The Quest For Books In A Forbidden Sanctuary!

Frank Zappa had it right when he said, “So many books, so little time.. “

It was a long, but quite studious day for our Year 11 Modern and Ancient History classes, as well as our Year 10 History students at The University of Queensland a few weeks ago.

The day started off in tears for a small group of over excited dedicated library lovers. Students walked into the library and were struck with awe at the endless books on the shelves (but some claimed it was merely the dust fairies blinding them).

Six hours were spent hiking up and down countless flights of stairs at the UQ Library finding books on the Vietnam War, ancient civilisations and World War One. Time was spent evading the endless patrols by the determined University Librarians with hawk eyes and ears tuned to the noise of exuberant library dwellers.  By the end of the day the stairs seemed to become the length of the Great Wall of China but that didn’t phase us. Athletes that we were (cough cough), as we were on a mission! We saw many books completely swallowed in dust, others that looked like they hadn’t been opened in a hundred years. They also led to a mass of wild-predator stand offs and final attacks between the students who needed “just that book”.

Yes, ladies and gentlemen, the claws were unleashed many times as we all vigorously attempted to find the books we were hunting for. But not only that, we also enhanced our inner-jerry-mouse as we tiptoed around the tom-cat university students, high on coffee and no sleep! Oh, the blessed uni life!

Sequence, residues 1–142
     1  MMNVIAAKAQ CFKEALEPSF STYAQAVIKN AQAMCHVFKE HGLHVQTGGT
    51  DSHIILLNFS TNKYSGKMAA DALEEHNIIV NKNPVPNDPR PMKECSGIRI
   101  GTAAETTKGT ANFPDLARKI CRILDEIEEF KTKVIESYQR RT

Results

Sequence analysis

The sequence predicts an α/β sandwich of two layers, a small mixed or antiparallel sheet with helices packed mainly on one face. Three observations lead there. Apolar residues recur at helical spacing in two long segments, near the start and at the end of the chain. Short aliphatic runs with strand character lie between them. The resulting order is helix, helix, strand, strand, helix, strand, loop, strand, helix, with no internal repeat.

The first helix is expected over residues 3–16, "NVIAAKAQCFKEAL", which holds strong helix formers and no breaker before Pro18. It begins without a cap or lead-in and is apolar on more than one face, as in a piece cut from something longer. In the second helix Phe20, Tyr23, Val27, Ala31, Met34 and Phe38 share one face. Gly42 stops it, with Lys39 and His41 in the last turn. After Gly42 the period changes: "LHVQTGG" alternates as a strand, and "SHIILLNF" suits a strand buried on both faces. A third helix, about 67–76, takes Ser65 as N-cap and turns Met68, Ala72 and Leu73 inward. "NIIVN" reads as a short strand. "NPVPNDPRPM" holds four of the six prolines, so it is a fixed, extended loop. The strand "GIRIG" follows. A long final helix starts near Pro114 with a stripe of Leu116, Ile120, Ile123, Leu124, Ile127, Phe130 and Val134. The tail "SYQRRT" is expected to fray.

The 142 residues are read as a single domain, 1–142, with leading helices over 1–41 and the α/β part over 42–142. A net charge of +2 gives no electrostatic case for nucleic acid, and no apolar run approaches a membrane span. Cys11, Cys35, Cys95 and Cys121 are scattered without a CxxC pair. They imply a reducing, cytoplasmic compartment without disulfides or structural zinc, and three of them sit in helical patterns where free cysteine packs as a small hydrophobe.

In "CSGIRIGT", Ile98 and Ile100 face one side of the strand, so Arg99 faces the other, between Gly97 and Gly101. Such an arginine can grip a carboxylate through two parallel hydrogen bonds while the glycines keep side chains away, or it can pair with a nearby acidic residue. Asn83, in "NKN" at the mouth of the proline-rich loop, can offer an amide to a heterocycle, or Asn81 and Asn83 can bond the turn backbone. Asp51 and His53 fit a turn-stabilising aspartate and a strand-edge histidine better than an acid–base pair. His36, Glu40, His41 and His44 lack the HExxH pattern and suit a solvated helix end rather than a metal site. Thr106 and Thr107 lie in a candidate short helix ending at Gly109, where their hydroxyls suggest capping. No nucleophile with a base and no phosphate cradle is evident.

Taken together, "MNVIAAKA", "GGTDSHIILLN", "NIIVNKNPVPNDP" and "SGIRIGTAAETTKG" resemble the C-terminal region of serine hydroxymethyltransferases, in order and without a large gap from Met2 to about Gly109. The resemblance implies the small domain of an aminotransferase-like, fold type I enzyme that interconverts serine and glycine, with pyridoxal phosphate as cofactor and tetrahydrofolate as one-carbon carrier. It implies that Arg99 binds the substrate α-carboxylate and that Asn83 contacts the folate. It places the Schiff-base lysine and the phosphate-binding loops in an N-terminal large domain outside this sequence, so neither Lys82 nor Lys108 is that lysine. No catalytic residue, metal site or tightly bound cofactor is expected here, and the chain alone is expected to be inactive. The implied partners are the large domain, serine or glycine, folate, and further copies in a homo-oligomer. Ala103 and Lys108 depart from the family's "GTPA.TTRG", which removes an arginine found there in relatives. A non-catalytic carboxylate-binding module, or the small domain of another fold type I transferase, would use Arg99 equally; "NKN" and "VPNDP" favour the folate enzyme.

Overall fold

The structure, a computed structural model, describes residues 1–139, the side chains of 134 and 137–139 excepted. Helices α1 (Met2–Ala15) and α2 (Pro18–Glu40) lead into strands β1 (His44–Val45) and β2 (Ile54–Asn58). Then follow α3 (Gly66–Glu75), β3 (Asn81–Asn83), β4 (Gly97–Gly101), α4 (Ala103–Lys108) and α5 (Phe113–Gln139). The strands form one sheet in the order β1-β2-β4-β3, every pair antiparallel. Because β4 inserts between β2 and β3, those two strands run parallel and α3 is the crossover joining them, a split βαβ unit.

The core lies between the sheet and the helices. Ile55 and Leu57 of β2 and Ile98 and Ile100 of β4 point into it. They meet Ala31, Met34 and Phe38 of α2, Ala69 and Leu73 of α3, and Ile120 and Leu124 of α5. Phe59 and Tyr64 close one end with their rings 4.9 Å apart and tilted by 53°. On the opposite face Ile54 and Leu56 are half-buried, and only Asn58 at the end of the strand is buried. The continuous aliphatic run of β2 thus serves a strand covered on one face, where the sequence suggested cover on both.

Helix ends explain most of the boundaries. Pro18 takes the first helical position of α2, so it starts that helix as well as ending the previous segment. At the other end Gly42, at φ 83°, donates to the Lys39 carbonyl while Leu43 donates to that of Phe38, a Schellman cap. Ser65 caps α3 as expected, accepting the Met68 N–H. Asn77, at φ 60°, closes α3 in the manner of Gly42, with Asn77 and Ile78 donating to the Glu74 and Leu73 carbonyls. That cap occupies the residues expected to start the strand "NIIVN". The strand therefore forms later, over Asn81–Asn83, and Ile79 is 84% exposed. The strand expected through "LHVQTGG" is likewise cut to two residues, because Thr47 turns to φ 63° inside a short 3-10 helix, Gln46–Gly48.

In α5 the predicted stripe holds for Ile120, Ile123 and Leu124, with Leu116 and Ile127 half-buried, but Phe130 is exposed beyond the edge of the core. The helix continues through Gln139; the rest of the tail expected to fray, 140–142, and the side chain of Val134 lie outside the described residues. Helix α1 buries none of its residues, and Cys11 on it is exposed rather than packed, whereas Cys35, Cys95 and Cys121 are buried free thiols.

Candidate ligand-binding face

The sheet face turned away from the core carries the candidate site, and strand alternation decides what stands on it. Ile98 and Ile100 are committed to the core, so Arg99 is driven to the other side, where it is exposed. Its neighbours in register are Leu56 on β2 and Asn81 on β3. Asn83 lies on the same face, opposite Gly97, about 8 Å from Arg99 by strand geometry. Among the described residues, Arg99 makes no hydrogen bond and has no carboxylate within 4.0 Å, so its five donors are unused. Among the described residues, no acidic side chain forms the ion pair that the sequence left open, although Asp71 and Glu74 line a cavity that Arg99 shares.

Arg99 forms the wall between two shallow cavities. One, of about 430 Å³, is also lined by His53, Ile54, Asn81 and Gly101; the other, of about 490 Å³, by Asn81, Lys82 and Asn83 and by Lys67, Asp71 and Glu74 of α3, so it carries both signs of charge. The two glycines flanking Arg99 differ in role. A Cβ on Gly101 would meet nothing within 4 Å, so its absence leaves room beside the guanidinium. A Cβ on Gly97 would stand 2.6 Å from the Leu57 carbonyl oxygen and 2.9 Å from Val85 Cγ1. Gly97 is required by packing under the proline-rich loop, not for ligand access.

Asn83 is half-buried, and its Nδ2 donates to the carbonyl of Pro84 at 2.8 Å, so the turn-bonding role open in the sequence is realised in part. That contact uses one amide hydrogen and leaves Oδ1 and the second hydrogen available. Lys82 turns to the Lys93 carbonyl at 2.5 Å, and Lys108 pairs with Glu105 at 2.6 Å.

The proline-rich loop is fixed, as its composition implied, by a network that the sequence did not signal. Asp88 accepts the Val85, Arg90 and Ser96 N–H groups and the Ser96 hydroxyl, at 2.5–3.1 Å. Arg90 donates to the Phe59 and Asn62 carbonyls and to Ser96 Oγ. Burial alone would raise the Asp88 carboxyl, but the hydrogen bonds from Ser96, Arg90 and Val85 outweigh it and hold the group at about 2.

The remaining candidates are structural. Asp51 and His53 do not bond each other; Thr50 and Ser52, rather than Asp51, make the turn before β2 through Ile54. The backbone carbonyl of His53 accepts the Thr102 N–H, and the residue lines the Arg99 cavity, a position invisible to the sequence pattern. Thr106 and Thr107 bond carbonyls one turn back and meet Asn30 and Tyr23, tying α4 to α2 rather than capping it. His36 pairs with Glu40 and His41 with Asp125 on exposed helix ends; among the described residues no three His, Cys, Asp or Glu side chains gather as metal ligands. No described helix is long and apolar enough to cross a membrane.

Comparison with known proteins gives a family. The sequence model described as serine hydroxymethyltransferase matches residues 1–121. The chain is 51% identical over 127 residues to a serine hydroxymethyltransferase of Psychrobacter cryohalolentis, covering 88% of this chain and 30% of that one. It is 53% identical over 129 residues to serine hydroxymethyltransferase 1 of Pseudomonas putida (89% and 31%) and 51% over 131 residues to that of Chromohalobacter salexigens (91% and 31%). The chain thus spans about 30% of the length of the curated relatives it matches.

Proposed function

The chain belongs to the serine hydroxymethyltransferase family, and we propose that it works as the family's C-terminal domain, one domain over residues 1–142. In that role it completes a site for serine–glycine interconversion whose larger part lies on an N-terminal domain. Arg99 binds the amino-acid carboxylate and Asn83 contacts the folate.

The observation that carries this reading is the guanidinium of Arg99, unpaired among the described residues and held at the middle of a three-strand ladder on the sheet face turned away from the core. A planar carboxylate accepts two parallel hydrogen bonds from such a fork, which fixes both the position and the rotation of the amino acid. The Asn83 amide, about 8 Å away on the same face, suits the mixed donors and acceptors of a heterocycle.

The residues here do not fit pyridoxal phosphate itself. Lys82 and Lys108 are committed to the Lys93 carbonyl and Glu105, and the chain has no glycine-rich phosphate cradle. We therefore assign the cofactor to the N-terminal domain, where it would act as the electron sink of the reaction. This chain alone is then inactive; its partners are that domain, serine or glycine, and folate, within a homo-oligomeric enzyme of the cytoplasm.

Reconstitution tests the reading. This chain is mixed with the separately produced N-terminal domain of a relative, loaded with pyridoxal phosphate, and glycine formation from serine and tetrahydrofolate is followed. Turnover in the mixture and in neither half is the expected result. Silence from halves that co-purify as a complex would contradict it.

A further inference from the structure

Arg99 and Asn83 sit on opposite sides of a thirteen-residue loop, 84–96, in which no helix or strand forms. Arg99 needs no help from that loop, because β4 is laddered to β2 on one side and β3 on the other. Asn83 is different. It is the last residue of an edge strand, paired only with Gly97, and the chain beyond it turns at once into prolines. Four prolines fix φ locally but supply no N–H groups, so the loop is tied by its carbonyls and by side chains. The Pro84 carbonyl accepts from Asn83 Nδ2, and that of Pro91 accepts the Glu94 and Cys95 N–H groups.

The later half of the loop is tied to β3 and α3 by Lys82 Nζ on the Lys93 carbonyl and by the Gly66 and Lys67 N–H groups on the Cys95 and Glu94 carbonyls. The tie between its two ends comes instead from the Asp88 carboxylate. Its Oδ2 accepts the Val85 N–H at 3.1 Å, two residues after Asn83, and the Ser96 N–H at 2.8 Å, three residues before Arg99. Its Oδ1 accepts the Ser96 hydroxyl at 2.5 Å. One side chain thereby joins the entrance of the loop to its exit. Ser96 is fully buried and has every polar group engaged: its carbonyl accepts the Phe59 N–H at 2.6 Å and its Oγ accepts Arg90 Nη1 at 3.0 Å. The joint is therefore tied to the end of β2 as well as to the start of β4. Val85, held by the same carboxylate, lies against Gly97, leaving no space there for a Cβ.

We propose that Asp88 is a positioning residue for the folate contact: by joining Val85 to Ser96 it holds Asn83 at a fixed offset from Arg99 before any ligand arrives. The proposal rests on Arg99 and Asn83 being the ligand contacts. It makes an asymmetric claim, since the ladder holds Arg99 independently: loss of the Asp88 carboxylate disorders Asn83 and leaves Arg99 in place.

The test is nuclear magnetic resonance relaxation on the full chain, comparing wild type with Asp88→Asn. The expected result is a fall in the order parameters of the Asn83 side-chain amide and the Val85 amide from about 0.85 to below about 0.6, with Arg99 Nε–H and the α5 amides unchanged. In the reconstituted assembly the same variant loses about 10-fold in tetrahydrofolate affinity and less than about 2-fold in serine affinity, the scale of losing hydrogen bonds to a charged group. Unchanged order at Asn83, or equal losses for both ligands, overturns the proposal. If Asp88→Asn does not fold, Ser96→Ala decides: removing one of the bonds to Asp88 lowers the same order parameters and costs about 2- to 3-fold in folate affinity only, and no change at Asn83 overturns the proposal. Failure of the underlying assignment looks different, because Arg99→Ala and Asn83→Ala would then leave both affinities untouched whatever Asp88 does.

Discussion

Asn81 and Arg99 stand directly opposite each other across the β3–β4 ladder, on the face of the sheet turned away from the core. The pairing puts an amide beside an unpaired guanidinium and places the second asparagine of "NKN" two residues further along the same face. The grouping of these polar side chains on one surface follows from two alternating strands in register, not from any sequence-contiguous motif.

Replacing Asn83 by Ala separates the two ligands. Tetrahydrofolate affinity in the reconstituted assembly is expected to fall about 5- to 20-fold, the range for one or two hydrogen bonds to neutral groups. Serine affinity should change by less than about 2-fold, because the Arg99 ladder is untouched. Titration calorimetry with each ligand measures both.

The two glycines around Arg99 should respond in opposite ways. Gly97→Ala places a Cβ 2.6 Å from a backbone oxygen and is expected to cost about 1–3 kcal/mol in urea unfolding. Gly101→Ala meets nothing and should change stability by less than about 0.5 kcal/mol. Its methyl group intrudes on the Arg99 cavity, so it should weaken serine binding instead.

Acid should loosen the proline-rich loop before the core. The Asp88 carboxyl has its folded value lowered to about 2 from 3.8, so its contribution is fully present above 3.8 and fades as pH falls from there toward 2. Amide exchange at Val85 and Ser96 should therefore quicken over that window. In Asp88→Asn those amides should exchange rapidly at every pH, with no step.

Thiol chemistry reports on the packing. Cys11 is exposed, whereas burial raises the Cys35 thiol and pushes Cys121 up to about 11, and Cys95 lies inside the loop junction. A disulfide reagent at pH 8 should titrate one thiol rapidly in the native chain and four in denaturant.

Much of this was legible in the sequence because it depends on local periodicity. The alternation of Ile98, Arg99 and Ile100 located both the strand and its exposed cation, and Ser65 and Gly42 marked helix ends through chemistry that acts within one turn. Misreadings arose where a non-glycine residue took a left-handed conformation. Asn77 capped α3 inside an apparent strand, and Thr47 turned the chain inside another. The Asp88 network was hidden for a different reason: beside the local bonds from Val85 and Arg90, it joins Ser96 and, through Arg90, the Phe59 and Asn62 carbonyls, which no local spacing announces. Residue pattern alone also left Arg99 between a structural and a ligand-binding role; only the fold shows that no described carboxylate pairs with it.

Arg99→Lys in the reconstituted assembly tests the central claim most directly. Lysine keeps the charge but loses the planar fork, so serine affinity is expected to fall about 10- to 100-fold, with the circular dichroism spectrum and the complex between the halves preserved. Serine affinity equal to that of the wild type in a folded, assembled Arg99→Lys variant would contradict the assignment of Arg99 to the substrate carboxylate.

Once we had found the treasured books we were searching for on our quest, we then spent what seemed like a never ending amount of time standing at the – PHOTOCOPIER! – Observing every inch of the blank wall, whilst photocopying piles of books, became our pastime; that part wasn’t enjoyable.

Our adventures finally came to an end, as we left the library with endless amounts of photocopying for our assessments. It had been a day well spent, and our voices exploded as we finally left the library compound, and talked long and loud enough to make up for a day we spent in complete silence.

The Modern and Ancient History students parted ways as we went to different restaurants. The Ancient History students went on their way to a Greek restaurant called “Little Greek”  and the Modern History students went to a Vietnamese restaurant called “Viet De Lites”, whilst other visited a Turkish restaurant named “Ahmets”.

The food became the centerpiece for further conversation on different modern and ancient societies, as we enjoyed our little ‘taste of culture’. We then collected our weary bodies into the bus for our return to the familiar College gates. Our travels to the library will be remembered as an exhausting but fantastic adventure.

Moale James

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